The biblical position on sexuality is that sexual relationships are to take place between one man and one woman in the context of marriage which lasts for a lifetime. Spouses are called to have sexual desire for their opposite sex spouse, and are to reject any sexual desire or activity for anyone else (Prov 5:18-19; 1 Cor 7:1-5). The Bible never commands individuals to cultivate sexual desire for the opposite sex in general. In fact, the Bible condemns as sinful lust any sexual desire that is not directed toward one’s partner in marriage (Matt 5:27-30).
What this all means is that, contrary to the teaching of reparative therapists, heterosexual desire is not a virtue in and of itself. The biblical teaching is much more sophisticated, calling for purity and chastity, rather than the cultivation of general heterosexual desire. People who struggle with homosexuality change by pursuing the goal of chastity, which means fighting to eradicate any sexual desire outside of marriage, and fighting to cultivate exclusive sexual desire for one’s spouse within marriage.
With Lambert’s arguments fully stated, a few points:
1. It’s obviously true that, in the strictest sense, heterosexuality isn’t purity/chastity. Heterosexuality, on its own, is not sufficient for biblical faithfulness. This is true, but it is also simplistic. In the same way, flour is not bread, but good luck making bread if you don’t have any flour.
So it is with sexual desires. We cannot be content with mere heterosexuality, but we also cannot go on without it. At the risk of being graphic, it’s a simple reality that the act of marriage cannot be performed in the absence of sexual desires. And if the act of marriage is not performed, there is no marriage. There’s a reason the church has always viewed sexual intercourse as the consummation of marriage.
For a Christian who practices RT, heterosexuality is a stepping stone on the path to purity. We must go beyond it, but it is rank foolishness to think that we don’t even have to go that far. Once we understand this, we must recognize that Lambert cannot attack RT for going too far; he can only say that Reparative Therapy does not go far enough. Lambert can point out that heterosexuality cannot and must not be the ultimate goal of therapy (as any Christian practitioner of RT would agree), but he must concede that heterosexuality should be a proximate goal. Even if Reparative Therapists err by not going far enough (which Lambert has not even attempted to demonstrate), his direct attack on heterosexuality as a goal of therapy is wrongheaded. A helpful critique would say “you are going in the right direction, but you stop too soon. Go further up and further in.” Lambert has not given such a critique.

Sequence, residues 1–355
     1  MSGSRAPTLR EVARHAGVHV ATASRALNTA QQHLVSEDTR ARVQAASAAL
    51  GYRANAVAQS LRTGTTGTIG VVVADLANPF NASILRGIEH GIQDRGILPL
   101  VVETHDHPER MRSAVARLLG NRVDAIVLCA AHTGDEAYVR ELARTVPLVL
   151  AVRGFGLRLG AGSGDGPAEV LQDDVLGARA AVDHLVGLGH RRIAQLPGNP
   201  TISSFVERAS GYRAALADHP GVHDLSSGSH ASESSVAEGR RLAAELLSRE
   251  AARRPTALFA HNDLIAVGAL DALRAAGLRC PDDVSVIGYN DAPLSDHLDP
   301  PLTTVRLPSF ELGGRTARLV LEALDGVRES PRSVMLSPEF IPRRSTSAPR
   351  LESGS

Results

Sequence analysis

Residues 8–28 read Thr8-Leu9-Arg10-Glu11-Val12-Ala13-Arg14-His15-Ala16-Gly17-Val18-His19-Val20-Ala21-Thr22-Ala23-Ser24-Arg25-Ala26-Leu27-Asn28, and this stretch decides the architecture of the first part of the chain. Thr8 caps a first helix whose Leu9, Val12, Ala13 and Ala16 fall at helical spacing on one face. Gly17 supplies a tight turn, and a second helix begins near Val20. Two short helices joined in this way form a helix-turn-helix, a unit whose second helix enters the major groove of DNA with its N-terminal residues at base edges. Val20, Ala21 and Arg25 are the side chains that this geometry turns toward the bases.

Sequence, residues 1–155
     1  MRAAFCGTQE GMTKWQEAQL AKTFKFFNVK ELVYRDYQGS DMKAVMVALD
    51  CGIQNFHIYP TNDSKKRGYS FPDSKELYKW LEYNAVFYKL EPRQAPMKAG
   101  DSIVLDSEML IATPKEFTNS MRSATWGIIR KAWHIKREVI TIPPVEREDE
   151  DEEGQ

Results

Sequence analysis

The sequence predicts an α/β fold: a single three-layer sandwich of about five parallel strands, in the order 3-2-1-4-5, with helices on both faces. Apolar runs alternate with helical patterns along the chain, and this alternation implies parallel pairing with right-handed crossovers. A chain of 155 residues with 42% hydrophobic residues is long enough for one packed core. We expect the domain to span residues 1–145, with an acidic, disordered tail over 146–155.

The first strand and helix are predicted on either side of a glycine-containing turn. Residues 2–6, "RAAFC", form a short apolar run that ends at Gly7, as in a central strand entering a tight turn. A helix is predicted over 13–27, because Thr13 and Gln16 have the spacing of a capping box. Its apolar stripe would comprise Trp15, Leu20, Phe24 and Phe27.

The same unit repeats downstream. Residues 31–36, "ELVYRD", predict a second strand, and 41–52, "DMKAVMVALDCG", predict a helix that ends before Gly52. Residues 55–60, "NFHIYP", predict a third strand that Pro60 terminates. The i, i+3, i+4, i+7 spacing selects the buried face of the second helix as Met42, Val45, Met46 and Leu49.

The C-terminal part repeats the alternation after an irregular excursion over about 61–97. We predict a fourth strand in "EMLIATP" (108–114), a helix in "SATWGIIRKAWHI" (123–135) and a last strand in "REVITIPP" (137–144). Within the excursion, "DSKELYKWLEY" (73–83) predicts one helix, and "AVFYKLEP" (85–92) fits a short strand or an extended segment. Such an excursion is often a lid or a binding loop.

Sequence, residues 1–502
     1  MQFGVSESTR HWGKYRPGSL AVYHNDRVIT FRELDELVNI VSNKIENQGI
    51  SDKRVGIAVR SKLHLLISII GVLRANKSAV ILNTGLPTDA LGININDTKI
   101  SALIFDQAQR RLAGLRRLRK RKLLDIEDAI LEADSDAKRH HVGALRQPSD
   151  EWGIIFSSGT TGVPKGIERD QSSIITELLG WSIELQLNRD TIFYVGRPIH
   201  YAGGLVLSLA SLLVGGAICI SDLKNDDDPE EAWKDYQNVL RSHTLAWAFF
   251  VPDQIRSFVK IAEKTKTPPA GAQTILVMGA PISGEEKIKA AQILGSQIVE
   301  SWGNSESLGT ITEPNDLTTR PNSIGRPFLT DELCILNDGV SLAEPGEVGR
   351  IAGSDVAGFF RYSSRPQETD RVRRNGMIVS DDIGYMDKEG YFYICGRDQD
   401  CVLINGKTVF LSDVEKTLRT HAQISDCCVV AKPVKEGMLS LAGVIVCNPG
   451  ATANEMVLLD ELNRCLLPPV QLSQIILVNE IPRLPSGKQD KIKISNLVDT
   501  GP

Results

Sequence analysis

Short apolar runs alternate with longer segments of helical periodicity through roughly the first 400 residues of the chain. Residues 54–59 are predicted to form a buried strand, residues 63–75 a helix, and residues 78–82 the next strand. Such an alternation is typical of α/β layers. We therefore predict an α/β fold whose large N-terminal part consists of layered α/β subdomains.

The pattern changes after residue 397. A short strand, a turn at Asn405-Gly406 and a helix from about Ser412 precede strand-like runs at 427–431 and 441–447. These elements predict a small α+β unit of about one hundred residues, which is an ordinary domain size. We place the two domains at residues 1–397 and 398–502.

2. Lambert is obviously correct when he asserts that Christians are commanded to cultivate sexual desires for their husband or wife. What he leaves out is what conditions must be in place for a marriage to happen in the first place. Would Lambert advise a prospective bride to marry if her husband has absolutely no sexual interest in her? (That’s not a loaded question; I’d really like to know). Does Lambert encourage same-sex attracted clients to get married as soon as possible, so that sexual desires can be cultivated legitimately? If marriage ought to precede heterosexuality, why not say so? If Lambert is merely saying that RT is pursuing these goals in the wrong order, why declare war on Reparative Therapy?
Lambert would surely respond by saying that sexual desire for one’s own husband or wife is not the same as heterosexuality. This is obviously true, but it also doesn’t prove as much as Lambert seems to think. The fact is that “heterosexuality,” in the context of Christian Reparative Therapists, is always limited to finding a wife or husband, getting married, and staying faithful to them. Lambert surely knows this, which is why it’s so puzzling that he thinks this is a point worth making. How is the purity/heterosexuality distinction not a mere issue of semantics? If you understand that heterosexuality is a stepping stone to purity in the Christian RT model, why argue as if heterosexuality is the ultimate (not proximate) goal? If a practitioner of RT is advocating heterosexual promiscuity or pornography, then that practitioner is not a Christian reparative therapist. If Lambert only wants to attack Reparative Therapists who are not Christians, why not say so? Further, if the real problem with Reparative Therapy is promiscuity or pornography, why are we talking about heterosexuality at all?